Why going gluten-free may not always be the best health decision

Going gluten-free without a medical reason can trigger poor health effects such as nutritional deficiencies and metabolic abnormalities

Image Source: Google
Image Source: Google

Most of us have heard of gluten-free diets by now, either from a celebrity, a grocery market aisle, or the menu at your favorite restaurant. While many have subscribed to the dietary pattern out of choice, one may be curious to know how the people who never had a choice feel about the growth of the gluten-free industry.

What better way to understand this than to simply ask them? That is exactly what a researcher from Canada did as he interviewed 17 adults who were living with celiac disease.

The study titled “Experiences of coeliac disease in a changing gluten‐free landscape” was published in the Journal of Human Nutrition and Dietetics on October 02.

The term ‘double‐edged sword’ could describe the impact of the gluten-free industry, according to the participants. The semi-structured interviews not only asked questions about their dietary habits but also their social lives and relationships.

On one hand, people were grateful for the prevalence of gluten-free food products, which have been taking up more space on the shelves of grocery stores.

However, the participants also pointed out the rise in misunderstandings about their condition. Presumably fueled by celebrities endorsing the diet, many non-celiac disease individuals have also started to exclude gluten from their meals.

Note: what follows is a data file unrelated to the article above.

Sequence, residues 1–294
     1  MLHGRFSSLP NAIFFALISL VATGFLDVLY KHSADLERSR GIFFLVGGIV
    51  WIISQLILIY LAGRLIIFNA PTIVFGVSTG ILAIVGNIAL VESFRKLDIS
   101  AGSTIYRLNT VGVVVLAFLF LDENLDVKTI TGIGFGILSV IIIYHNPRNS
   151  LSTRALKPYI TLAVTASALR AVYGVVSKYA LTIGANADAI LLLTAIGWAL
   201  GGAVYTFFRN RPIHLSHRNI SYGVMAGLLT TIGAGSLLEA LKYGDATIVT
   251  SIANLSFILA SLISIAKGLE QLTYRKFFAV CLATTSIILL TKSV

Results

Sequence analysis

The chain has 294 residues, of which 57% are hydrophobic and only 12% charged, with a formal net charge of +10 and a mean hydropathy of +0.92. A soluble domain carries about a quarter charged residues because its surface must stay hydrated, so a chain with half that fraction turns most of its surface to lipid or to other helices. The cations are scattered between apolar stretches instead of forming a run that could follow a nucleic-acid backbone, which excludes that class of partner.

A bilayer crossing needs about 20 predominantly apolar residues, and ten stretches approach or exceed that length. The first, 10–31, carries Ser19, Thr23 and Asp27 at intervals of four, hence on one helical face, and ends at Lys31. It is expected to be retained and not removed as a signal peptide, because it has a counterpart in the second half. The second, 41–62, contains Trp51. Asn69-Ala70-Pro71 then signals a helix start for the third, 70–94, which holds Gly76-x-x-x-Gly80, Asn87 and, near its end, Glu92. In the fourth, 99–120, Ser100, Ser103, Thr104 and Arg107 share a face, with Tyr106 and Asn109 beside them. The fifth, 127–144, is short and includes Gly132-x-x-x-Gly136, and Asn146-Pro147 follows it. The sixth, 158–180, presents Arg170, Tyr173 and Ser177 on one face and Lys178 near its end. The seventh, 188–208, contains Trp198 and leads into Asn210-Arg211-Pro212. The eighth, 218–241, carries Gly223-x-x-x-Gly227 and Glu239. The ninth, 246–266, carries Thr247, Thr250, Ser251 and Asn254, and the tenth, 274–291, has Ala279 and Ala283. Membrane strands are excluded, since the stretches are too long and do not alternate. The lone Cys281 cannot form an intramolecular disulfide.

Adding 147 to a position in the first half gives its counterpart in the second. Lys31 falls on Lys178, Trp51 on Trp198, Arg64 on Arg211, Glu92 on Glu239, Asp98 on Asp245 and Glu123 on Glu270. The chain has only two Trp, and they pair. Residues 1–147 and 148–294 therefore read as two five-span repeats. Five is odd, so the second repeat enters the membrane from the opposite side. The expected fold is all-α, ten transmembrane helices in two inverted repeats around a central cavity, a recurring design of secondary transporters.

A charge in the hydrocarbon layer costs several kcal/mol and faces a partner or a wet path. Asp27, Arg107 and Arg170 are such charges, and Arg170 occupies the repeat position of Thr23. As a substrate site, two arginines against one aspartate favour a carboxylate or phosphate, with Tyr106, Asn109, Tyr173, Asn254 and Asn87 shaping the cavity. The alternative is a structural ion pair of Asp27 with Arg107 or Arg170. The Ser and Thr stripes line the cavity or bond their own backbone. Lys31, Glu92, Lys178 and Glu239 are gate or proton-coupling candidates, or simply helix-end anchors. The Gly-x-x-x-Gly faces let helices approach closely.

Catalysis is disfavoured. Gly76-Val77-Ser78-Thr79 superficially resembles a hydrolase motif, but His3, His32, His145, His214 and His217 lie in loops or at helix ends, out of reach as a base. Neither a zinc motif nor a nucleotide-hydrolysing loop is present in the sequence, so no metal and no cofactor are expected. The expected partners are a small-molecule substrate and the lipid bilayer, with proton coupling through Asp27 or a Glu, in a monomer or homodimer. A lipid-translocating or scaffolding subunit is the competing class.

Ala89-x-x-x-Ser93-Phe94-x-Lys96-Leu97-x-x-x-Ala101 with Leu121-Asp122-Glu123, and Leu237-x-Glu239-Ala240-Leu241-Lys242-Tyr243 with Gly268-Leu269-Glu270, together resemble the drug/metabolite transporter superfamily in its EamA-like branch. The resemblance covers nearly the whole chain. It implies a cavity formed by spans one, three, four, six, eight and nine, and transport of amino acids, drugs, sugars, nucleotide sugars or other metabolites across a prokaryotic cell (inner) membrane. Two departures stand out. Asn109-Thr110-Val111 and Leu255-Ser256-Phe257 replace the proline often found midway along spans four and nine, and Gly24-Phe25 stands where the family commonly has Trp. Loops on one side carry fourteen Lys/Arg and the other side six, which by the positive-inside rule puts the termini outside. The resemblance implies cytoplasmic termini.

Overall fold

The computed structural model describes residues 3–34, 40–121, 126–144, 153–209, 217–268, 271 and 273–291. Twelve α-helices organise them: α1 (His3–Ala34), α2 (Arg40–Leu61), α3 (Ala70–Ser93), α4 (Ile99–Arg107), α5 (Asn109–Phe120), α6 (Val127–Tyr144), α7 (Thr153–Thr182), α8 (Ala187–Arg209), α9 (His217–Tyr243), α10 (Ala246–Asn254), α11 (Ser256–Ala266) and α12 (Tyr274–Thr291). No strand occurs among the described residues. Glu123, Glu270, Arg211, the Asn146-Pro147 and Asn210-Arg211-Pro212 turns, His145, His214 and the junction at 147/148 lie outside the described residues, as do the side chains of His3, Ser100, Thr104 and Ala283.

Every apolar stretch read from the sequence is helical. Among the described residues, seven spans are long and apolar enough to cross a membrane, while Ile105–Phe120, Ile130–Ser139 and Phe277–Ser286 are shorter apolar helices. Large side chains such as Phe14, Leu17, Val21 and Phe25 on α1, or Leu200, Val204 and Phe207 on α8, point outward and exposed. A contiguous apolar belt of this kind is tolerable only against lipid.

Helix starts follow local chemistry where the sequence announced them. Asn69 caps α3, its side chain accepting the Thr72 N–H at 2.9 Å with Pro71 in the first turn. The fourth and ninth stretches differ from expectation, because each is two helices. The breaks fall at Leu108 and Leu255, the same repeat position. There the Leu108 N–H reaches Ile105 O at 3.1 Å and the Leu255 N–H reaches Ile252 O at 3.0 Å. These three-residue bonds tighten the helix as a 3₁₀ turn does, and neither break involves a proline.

Reasons for doing so range from supposed weight loss to self-diagnosed ‘gluten sensitivity,’ all of which are based less on science and more on anecdotal evidence. But many are unaware that going gluten-free without a medical reason can actually trigger poor health effects such as nutritional deficiencies and metabolic abnormalities.

“While the popularisation of the gluten-free diet has offered benefits to many individuals with celiac disease, it has also amplified some of the common challenges associated with having to follow the diet so strictly,” said lead author James King of the University of Calgary, Canada.

“As this condition is becoming increasingly diagnosed, it is important that healthcare professionals and policy-makers understand these subtler burdens when developing strategies with patients to improve the management of celiac disease.”

In their social life, the participants said they were subject to a negative perception at times, as some would view them as high maintenance. This can be tied to the association of the restrictive eating pattern with being another ‘fad’ diet rather than a necessity.

“The sole medical recommendation of a gluten‐free diet fails to acknowledge the on-going difficulties those with (celiac disease) can endure in the current gluten‐free landscape,” King wrote, in conclusion. “Recommendations beyond the gluten‐free diet are advisable to alleviate many of the indirect burdens revealed in the present study.”

Source: Medical Daily